(A Guided Meditation for When the Stock Market Is Dropping)

Last but not least…

My last piece of advice for what to do when the stock market is crashing… Keep living your awesome life. Hang with your kids, continue your hobbies, keep doing good deeds for people and spending money on the things that you love in this world. Just because the economy is doing weird stuff, it doesn’t mean you need to radically change your behavior. Spend your time on things within your control, not worrying about stuff you can’t.

Happy Friday, y’all! Have an awesome weekend. 😉

Love, Joel

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  1. SL January 28, 2022 at 10:56 AM

    Look, If you have a 401K or other portfolio you put the same amount of money to the same things every week… ESPECIALLY do nothing. That same amount of money is buy more shares than it did when everythings was going up, and when it goes up again, it wil go up faster since you have more shares than you would have.

    I didn’t move my 401K at work for that same reason and I gained Faster than I would have when it did go back up. Stay your course. If you are high risk close to retirement, you should push that retirement back, unless the market isa bbackup for you and you can let it ride..

    1. SL January 28, 2022 at 10:59 AM

      Wow, my typing is horrible today; apologies.. Sentiment still stands. Don’t panic, keep looking for the right vehicle for your risk appetite, Hey Joel “What is risk appetite?” may be a great article. *grin*

      1. Joel January 28, 2022 at 11:17 AM

        Cheers SL! In the meantime for anyone wondering: “Risk tolerance is a measure of how much of a loss an investor is willing to endure within their portfolio.”

        For me, I’m probably OK losing ~50% of my portfolio value (it would absolutely SUCK, but it wouldn’t completely derail my life — because I am young, still earning, and have the mental willpower to endure shit times).

        That being said, the tricky part for most people (myself included) is when theory turns into real life. I might *think* my risk tolerance is xxx, but if the worst case scenario actually happens, I might learn that I really am a weakling that can’t stomach it. I guess you become more in tune with your *real* risk tolerance over time, and most people become less risky the older they get.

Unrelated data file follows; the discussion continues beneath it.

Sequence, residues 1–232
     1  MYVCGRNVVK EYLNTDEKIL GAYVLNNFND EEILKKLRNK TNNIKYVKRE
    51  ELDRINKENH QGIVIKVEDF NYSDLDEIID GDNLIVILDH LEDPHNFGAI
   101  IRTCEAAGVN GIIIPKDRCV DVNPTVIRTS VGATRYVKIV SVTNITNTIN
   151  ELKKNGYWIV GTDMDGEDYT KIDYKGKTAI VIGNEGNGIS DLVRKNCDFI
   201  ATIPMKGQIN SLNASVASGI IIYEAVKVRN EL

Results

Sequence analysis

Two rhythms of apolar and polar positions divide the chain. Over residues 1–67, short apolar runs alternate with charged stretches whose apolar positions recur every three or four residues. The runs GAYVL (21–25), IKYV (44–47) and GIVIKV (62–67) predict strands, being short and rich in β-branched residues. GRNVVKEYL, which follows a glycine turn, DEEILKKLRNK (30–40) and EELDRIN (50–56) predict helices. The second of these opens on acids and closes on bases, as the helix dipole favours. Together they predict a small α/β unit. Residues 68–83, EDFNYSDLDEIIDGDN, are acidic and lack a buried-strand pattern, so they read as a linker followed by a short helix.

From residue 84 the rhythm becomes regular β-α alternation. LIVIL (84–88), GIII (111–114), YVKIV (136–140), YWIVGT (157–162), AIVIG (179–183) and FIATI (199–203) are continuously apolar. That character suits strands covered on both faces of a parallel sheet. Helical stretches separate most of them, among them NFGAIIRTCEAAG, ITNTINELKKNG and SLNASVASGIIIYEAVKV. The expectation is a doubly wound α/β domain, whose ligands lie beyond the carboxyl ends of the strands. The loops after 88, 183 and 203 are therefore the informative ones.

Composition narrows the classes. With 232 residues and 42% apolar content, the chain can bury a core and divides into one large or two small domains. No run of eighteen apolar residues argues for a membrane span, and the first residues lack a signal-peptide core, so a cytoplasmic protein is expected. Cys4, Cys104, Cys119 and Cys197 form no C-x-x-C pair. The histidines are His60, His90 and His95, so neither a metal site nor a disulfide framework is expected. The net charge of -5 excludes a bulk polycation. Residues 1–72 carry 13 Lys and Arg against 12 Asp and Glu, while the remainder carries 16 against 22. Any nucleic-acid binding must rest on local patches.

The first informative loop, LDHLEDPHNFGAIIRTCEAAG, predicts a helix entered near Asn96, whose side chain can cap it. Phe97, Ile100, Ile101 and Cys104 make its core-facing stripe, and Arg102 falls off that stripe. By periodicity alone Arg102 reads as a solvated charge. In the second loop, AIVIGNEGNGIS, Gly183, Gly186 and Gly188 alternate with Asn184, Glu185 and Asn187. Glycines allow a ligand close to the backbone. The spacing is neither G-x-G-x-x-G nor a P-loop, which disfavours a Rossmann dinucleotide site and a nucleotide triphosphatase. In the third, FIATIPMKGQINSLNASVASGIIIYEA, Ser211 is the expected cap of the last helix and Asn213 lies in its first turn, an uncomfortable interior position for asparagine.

2. industrialbagels January 28, 2022 at 11:39 AM

    how are you replying at 11:am today when it’s still 8???

    1. Joel January 28, 2022 at 11:58 AM

      Great Scott!!! :) It’s probably because these website servers are hosted on the east coast and they are 3 hours ahead so that’s when/where the time stamps for comments.

  3. Olaf, the Mile High Finance Guy January 28, 2022 at 7:46 PM

    It would have been epic if you had published a 5 word post. A days work done, now off for the weekend. But as you said, DO NOTHING and STAY THE COURSE. That is all anyone should do if they are investing for the longterm. However, it is a bit painful though when your monthly losses eclipse your annual income, but it is a good problem to have!

    1. Joel January 28, 2022 at 7:56 PM

      True. But it’s only going to get worse later in life as the wealth pile grows. Having a 3M or 4M portfolio right now must be crazy with 100k swings week to week. Regardless, stay the course :). Have a great weekend buddy!

  4. Hilary January 29, 2022 at 11:20 AM

    How about someone with no investments and $5G’s + just sitting in a savings account? Should I go to Fidelity and set up a Roth IRA right now? Best to do it while the market is down right? Another site you recommend more? Any tips would be greatly appreciated!!! Thanks!

    From a snowy CT,

    1. Joel January 29, 2022 at 11:35 AM

      Hi Hilary! The sooner you start investing, the better. No matter what the market is doing, opening an account and starting to invest ASAP is Step #1. Then, keep adding month after month, no matter how little it seems. I’m proud of you for beginning!!

      Personally, I use Fidelity. Takes just a few minutes to open a Roth and you can start funding it right away.

      Not sure what your employer situation is, but investing in your 401k (if you have one) is another great way to start building wealth in the background. The more you put your investments on auto-pilot, the better. Set and forget!

      Great to hear you are starting your journey! Please let me know if you have any other questions, I’d love to help.

      PS. once the money goes in –> make sure you don’t pull it out! The market might crash further than is it right now. but that’s OK, because all you care about is looooong term :)

      1. Hilary January 29, 2022 at 11:46 AM

        OMG you are the best! Thanks for the quick reply. I, unfortunately, do not have a 401K option at work. Or health insurance, grumble grumble… I’m a massage therapist and make very good $ where I am but investments and health insurance are on me. But! I love organizing and tracking and numbers so I am super excited to get started. Heading to Fidelity as we speak! Your site and information are so valuable. Thanks for welcoming me to the finance world!


        1. Joel January 29, 2022 at 12:00 PM

          I don’t have 401k or health options from my workplace right now either. :( BUT, there are other cool options for us contractors which you can learn about over time.

          Glad you love tracking numbers and sheets and stuff! Good luck with fidelity :)

          1. Hilary January 29, 2022 at 3:14 PM

            Oh if you have any health insurance info – please share! I’ll need to find some in the coming months! Enjoy the weekend! I have lots of BAS posts to catch up on!

            1. SL January 31, 2022 at 8:40 AM

              There are several posts about starting out on BAS. I have been following it for years and have enjoyed and learned a lot from it